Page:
exchange or death came speedily, I was in a bad fix.
One morning about day break, Andrews, who had started to go to another
part of the camp, came slipping back in a state of gleeful excitement.
At first I thought he either had found a tunnel or had heard some good
news about exchange. It was neither. He opened his jacket and handed me
an infantry man’s blouse, which he had found in the main street, where it
had dropped out of some fellow’s bundle. We did not make any extra
exertion to find the owner. Andrews was in sore need of clothes himself,
but my necessities were so much greater that the generous fellow thought
of my wants first. We examined the garment with as much interest as ever
a belle bestowed on a new dress from Worth’s. It was in fair
preservation, but the owner had cut the buttons off to trade to the
guard, doubtless for a few sticks of wood, or a spoonful of salt.
We supplied the place of these with little wooden pins, and I donned the
garment as a shirt and coat and vest, too, for that matter. The best
suit I ever put on never gave me a hundredth part the satisfaction that
this did. Shortly after, I managed to subdue my aversion so far as to
take a good shoe which a one-legged dead man had no farther use for, and
a little later a comrade gave me for the other foot a boot bottom from
which he had cut the top to make a bucket.
The day of the Presidential election of 1864 approached. The Rebels were
naturally very much interested in the result, as they believed that the
election of McClellan meant compromise and cessation of hostilities,
while the re-election of Lincoln meant prosecution of the War to the
bitter end. The toadying Raiders, who were perpetually hanging around
the gate to get a chance to insinuate themselves into the favor of the
Rebel officers, persuaded them that we were all so bitterly hostile to
our Government for not exchanging us that if we were allowed to vote we
would cast an overwhelming majority in favor of McClellan.
The Rebels thought that this might perhaps be used to advantage as
political capital for their friends in the North. They gave orders that
we might, if we chose, hold an election on the same day of the
Presidential election. They sent in some ballot boxes, and we elected
Judges of the Election.
About noon of that day Captain Bowes, and a crowd of tightbooted, broad-
hatted Rebel officers, strutted in with the peculiar “Ef-yer-don’t-
b’lieve–I’m-a-butcher-jest-smell-o’-mebutes” swagger characteristic of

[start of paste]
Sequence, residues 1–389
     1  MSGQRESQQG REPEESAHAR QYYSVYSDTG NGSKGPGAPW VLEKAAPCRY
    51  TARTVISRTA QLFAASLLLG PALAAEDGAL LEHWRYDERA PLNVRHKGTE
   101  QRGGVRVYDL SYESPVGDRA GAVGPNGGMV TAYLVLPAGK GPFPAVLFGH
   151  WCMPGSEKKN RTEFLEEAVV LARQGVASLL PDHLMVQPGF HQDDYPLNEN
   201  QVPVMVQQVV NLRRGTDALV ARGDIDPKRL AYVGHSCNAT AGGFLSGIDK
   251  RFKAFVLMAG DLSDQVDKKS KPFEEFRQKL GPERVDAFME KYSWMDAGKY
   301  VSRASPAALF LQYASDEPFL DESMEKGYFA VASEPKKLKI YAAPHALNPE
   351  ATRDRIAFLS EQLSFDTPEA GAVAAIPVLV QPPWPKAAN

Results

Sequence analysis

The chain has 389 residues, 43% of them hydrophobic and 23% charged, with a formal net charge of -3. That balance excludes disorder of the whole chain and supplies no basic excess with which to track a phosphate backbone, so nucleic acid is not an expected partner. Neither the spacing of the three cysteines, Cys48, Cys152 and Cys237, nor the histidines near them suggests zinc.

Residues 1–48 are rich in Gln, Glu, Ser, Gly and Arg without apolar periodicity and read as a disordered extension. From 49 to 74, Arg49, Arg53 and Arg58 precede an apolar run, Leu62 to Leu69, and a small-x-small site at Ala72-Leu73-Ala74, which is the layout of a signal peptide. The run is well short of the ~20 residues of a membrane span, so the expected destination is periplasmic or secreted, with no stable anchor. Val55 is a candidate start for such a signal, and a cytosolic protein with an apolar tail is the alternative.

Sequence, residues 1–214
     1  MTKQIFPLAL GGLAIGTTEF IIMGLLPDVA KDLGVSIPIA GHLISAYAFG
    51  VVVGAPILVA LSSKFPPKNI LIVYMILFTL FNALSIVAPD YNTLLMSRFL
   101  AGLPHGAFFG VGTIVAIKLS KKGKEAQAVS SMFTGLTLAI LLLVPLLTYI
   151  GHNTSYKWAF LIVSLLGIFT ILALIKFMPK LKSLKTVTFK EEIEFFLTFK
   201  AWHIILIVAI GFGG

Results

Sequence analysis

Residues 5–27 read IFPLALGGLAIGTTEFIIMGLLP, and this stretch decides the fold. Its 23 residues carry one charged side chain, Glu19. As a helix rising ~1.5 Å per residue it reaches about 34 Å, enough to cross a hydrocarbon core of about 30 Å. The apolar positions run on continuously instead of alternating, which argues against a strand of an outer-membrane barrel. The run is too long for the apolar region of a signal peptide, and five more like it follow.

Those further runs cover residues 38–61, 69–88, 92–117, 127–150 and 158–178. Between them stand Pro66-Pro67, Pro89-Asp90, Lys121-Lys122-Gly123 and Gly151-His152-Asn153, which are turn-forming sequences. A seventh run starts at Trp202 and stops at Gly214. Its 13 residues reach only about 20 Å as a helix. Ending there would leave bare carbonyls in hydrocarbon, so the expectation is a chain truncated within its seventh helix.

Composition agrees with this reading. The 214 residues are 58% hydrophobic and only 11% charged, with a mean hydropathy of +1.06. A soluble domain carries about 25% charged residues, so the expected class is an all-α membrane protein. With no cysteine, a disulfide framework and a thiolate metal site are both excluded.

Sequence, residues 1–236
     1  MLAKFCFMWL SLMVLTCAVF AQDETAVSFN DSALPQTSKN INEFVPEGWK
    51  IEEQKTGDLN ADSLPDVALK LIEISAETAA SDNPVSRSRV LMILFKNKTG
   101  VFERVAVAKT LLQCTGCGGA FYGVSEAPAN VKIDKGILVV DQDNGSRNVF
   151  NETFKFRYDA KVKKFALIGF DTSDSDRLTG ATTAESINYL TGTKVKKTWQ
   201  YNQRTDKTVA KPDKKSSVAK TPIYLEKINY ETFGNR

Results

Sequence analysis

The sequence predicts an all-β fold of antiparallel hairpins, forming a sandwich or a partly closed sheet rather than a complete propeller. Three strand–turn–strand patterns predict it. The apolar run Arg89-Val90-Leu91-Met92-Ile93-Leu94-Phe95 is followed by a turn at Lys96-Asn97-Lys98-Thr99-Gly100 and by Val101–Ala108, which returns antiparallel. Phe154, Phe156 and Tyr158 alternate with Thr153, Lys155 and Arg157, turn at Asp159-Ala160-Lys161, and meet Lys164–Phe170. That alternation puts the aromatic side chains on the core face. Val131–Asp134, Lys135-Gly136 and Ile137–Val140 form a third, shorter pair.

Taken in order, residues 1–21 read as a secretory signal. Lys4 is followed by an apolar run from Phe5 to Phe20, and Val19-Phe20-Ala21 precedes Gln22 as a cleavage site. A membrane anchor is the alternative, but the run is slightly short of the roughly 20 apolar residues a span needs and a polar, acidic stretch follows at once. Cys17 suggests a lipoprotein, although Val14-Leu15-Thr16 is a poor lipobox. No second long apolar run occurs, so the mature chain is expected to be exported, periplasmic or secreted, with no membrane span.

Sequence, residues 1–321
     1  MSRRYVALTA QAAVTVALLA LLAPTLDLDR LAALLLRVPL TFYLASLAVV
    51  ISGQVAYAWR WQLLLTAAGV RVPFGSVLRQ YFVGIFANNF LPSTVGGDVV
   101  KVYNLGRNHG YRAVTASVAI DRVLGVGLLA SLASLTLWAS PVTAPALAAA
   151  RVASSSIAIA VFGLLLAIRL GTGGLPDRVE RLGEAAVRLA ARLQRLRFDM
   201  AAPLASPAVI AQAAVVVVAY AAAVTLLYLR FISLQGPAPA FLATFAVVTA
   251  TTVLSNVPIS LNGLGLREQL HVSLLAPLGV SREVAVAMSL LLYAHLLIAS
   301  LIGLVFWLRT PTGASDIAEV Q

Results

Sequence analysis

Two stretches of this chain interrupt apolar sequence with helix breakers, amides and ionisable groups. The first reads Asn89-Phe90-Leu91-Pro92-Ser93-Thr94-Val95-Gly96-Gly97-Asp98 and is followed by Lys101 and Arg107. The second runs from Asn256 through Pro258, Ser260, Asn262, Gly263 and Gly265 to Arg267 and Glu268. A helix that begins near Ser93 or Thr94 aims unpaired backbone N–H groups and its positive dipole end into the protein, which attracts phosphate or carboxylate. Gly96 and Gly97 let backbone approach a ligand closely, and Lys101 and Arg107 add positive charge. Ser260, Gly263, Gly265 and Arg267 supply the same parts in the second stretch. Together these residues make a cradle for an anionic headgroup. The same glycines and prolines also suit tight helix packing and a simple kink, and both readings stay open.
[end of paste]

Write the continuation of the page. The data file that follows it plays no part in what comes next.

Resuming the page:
the class. They had come in to see us all voting for McClellan.
Instead, they found the polls surrounded with ticket pedlers shouting:
“Walk right up here now, and get your Unconditional-Union-Abraham-Lincoln
“Here’s your straight-haired prosecution-of-the-war ticket.”
“Vote the Lincoln ticket; vote to whip the Rebels, and make peace with
them when they’ve laid down their arms.”
“Don’t vote a McClellan ticket and gratify Rebels, everywhere,” etc.
The Rebel officers did not find the scene what their fancy painted it,
and turning around they strutted out.
When the votes came to be counted out there were over seven thousand for
Lincoln, and not half that many hundred for McClellan. The latter got
very few votes outside the Raider crowd. The same day a similar election
was held in Florence, with like result. Of course this did not indicate
that there was any such a preponderance of Republicans among us.
It meant simply that the Democratic boys, little as they might have liked
Lincoln, would have voted for him a hundred times rather than do anything
to please the Rebels.
I never heard that the Rebels sent the result North.
THE REBELS FORMALLY PROPOSE TO US TO DESERT TO THEM–CONTUMELIOUS
TREATMENT OF THE PROPOSITION–THEIR RAGE–AN EXCITING TIME–AN OUTBREAK
THREATENED–DIFFICULTIES ATTENDING DESERTION TO THE REBELS.
One day in November, some little time after the occurrences narrated in
the last chapter, orders came in to make out rolls of all those who were
born outside of the United States, and whose terms of service had
We held a little council among ourselves as to the meaning of this, and
concluded that some partial exchange had been agreed on, and the Rebels
were going to send back the class of boys whom they thought would be of
least value to the Government. Acting on this conclusion the great
majority of us enrolled ourselves as foreigners, and as having served out
our terms. I made out the roll of my hundred, and managed to give every
man a foreign nativity. Those whose names would bear it were assigned to
England, Ireland, Scotland France and Germany, and the balance were
distributed through Canada and the West Indies. After finishing the roll
and sending it out, I did not wonder that the Rebels believed the battles
for the Union were fought by foreign mercenaries. The other rolls were
made out in the same way, and I do not suppose that they showed five
hundred native Americans in the Stockade.